Alternative formsEdit


From Middle English foreyn, forein, from Old French forain, from Vulgar Latin *forānus (outsider, outlander), from Latin forās (outside, outdoors), also spelled forīs (outside, outdoors).

Displaced native Middle English elendish, ellendish (foreign) (from Old English elelendisc, compare Old English ellende (foreign), elland (foreign land)), Middle English eltheodi, eltheodish (foreign) (from Old English elþēodiġ, elþēodisc (foreign)), and non-native Middle English peregrin (foreign) (from Old French peregrin).

The silent -g- added perhaps by analogy with reign (compare also sovereign which was similarly altered).



foreign (comparative more foreign, superlative most foreign)

  1. Located outside a country or place, especially one's own.
    foreign markets; foreign soil
    He liked visiting foreign cities.
  2. Originating from, characteristic of, belonging to, or being a citizen of a country or place other than the one under discussion.
    foreign car; foreign word; foreign citizen; foreign trade
    • 1905, Baroness Emmuska Orczy, chapter 2, in The Ayrsham Mystery[1]:
      The cane was undoubtedly of foreign make, for it had a solid silver ferrule at one end, which was not English hall–marked.
    • 2013 August 24, “Guardian warriors and golden eggs”, in The Economist, volume 408, number 8850:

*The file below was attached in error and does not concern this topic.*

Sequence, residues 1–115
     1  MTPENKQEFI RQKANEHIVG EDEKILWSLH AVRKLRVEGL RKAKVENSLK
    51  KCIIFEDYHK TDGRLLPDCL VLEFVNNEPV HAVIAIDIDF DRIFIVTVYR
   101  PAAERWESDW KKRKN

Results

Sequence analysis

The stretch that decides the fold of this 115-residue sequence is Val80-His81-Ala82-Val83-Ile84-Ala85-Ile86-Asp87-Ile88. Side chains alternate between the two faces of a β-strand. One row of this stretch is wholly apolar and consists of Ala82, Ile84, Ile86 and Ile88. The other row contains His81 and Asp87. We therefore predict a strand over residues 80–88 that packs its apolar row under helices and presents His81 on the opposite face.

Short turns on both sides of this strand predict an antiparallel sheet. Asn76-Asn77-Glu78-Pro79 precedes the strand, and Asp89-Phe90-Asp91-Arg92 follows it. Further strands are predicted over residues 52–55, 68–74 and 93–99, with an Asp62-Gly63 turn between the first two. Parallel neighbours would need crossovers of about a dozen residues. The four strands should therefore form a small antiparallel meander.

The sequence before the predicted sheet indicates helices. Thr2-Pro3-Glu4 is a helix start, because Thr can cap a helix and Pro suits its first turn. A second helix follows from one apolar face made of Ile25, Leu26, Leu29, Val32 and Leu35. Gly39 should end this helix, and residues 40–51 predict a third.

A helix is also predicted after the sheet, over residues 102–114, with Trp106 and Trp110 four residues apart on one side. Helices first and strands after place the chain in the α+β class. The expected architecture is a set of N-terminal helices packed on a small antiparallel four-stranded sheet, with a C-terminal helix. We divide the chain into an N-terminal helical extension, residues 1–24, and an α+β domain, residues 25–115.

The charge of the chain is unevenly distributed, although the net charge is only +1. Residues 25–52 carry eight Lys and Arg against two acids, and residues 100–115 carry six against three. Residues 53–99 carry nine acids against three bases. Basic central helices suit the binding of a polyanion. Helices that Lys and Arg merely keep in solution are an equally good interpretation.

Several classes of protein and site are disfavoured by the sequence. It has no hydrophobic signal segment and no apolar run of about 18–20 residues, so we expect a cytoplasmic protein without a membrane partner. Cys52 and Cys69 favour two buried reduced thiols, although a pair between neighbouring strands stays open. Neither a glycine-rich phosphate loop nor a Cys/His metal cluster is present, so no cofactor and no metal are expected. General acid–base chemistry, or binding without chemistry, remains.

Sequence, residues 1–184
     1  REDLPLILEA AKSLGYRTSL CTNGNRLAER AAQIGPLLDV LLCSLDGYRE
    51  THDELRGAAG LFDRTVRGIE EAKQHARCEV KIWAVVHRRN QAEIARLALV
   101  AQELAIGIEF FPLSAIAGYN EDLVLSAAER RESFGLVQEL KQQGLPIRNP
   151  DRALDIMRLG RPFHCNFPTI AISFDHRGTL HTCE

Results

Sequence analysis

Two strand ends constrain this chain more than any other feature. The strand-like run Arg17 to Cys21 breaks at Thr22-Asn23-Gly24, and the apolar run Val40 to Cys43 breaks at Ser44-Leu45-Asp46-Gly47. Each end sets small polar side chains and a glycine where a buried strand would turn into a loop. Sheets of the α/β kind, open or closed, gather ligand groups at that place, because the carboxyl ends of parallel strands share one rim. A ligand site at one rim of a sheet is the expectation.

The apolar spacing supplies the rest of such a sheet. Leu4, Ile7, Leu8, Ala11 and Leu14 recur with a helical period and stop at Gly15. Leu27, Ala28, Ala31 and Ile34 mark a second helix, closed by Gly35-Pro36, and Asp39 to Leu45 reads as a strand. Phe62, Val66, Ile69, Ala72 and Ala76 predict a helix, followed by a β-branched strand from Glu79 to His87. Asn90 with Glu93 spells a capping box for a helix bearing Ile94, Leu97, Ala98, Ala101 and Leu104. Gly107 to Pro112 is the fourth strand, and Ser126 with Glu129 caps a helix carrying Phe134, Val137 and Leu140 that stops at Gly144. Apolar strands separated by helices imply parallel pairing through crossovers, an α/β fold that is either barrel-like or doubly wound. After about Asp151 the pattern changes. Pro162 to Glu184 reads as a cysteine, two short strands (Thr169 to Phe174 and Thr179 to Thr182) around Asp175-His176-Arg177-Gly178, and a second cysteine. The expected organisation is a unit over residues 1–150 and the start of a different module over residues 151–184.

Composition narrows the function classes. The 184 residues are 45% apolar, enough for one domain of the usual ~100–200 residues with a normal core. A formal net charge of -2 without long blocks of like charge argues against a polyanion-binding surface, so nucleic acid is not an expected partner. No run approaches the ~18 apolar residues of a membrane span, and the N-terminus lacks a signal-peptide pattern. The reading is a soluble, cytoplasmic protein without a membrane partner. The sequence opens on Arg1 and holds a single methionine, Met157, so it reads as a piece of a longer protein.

Foreign companies love to complain about doing business in China. [] Amid such moans it is worth remembering that, for all the barriers that foreign multinationals face in China, it has welcomed them with open arms compared with the protectionism imposed by Japan and South Korea at comparable stages in their economic development.
    There are many more foreign students in Europe since the Erasmus scheme started.
  3. Relating to a different nation.
    foreign policy; foreign navies
  4. Not characteristic of or naturally taken in by an organism or system.
    foreign body; foreign substance; foreign gene; foreign species
  5. (with to, formerly with from) Alien; strange.
    It was completely foreign to their way of thinking.
  6. (obsolete) Held at a distance; excluded; exiled.
  7. (US, state law) From a different one of the states of the United States, as of a state of residence or incorporation.
  8. Belonging to a different organization, company etc.
    My bank charges me $2.50 every time I use a foreign ATM.
  9. (obsolete) Outside, outdoors, outdoor.



Derived termsEdit


The translations below need to be checked and inserted above into the appropriate translation tables, removing any numbers. Numbers do not necessarily match those in definitions. See instructions at Wiktionary:Entry layout § Translations.


foreign (plural foreigns)

  1. A foreign person, particularly:
    1. (now informal) A foreigner: a person from another country.
    2. (obsolete) An outsider: a person from another place or group.
    3. (obsolete) A non-guildmember.
  2. (obsolete) A foreign ship.
  3. (obsolete) Clipping of chamber foreign: an outhouse.
  4. A foreign area, particularly:
    1. (now dialect) An area of a community that lies outside the legal town or parish limits.
    2. (obsolete, usually in the plural) An area of a monastery outside its legal limits or serving as an outer court.
  5. Short for various phrases, including foreign language, foreign parts, and foreign service.




  • "foreign, adj. and n." in the Oxford English Dictionary (1897), Oxford: Oxford University Press.